GVB victims should be offered help and not be criticised: Survivor

GVB victims should be offered help and not be criticised: Survivor

Victims of Gender Based Violence (GVB) should be offered help and not be criticised for not leaving toxic relationships. Playwright and GBV survivor Kgomotso Mawasha says the psychological turmoil that comes with abuse is hard to understand. Mawasha was speaking at the two day Royal Princess Network Imbizo being held in Thaba ‘Nchu  in the Free State.

The summit is discussing solutions for GBV in rural communities. Her play is set to be part of proceedings on Saturday, when the Royal Princess Network Imbizo comes to an end.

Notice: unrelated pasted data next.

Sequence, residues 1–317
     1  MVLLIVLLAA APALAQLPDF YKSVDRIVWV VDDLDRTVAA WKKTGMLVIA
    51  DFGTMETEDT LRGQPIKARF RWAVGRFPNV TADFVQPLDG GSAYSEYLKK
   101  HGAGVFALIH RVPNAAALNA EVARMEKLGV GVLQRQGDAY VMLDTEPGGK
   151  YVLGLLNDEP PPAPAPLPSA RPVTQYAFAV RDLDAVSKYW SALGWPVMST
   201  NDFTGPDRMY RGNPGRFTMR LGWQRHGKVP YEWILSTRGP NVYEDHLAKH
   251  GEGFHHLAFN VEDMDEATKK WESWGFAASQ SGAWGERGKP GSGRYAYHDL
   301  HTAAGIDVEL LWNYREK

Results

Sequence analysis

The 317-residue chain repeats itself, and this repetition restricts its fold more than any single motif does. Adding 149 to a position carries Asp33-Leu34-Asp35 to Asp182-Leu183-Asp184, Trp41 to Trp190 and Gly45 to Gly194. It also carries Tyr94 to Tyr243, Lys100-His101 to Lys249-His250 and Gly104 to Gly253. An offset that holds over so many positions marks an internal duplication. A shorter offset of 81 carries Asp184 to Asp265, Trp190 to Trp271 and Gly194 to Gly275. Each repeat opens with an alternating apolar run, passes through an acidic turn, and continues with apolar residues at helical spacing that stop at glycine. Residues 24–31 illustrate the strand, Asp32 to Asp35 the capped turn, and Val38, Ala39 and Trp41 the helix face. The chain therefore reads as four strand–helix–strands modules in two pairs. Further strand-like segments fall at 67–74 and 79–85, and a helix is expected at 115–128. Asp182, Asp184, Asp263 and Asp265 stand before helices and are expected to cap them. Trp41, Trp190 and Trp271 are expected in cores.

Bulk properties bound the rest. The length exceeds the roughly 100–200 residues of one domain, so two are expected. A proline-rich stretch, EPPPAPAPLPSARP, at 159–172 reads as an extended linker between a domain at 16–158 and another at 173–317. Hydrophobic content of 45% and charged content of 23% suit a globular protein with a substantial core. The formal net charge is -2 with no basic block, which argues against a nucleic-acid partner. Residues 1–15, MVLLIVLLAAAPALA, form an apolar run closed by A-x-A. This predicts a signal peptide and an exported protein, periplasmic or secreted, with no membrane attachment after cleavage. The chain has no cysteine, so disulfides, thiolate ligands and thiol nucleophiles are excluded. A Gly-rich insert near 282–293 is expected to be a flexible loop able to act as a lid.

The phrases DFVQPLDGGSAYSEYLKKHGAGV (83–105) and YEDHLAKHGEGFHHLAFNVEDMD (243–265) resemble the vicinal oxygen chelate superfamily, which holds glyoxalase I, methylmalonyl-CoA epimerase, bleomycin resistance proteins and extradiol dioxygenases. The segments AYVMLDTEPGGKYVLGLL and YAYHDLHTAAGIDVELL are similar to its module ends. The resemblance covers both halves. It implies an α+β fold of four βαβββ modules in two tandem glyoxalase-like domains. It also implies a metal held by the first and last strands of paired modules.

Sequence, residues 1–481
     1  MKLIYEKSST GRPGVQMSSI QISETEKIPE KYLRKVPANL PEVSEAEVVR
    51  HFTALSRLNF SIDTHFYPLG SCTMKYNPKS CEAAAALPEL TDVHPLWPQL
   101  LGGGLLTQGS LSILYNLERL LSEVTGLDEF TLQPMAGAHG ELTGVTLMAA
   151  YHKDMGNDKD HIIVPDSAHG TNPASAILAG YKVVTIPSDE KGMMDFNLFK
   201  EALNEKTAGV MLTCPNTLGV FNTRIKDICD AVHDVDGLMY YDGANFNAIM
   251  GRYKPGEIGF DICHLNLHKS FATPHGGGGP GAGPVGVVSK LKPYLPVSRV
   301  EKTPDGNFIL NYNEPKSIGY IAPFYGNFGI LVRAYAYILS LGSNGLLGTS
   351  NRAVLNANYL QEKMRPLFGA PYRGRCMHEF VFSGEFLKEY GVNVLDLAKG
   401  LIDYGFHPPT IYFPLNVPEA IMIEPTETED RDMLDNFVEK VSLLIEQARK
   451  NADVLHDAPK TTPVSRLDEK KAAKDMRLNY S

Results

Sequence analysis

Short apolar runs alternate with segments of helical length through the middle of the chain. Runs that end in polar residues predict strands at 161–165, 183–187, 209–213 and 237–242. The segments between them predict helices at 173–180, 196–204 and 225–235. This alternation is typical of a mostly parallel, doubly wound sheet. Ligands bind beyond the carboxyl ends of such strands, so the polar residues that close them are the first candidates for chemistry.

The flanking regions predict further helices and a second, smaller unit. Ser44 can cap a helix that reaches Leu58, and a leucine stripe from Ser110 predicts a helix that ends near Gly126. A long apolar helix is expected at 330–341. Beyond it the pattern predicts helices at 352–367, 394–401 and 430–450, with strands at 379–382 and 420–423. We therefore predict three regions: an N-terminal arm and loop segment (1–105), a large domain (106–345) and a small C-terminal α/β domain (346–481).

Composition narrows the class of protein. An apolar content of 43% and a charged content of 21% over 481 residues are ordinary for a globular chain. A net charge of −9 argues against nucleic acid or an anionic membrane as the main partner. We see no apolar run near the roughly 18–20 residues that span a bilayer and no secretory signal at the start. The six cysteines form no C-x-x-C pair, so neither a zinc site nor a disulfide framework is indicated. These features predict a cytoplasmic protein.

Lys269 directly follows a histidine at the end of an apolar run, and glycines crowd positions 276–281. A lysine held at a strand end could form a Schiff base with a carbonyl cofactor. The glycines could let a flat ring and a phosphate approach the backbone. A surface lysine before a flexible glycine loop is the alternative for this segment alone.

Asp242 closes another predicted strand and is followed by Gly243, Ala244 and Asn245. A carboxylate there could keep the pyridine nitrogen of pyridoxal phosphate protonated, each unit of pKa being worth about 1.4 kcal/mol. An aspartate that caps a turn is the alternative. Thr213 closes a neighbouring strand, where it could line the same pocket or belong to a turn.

“My entire campaign when it comes to GBV is how to help the survivor because people have gone about it the wrong way according to me let me say, in my personal opinion and my experience. GBV is being dealt with in the wrong way. We can have forums, marches, we can have everything but it doesn’t help the person on the ground.  There are no programmes in place for victims, where to go,” Mawasha elaborates.

Meanwhile, the Thaba ‘Nchu Men’s Forum, which is also taking part in the Imbizo, says young people have lost their moral compass. The forum’s secretary Lebogang Mapota says this is the reason why there is a high prevalence of abuse of women and children.

“Thaba ‘Nchu Men’s Forum has taken it upon itself to go around schools, go around churches and preach the gospel of good morality because this is the only way that we will see ourselves developing the nation of our country,” says Mapota.

VIDEO: GBV, femicide tops agenda at royal princess network Imbizo in Free State

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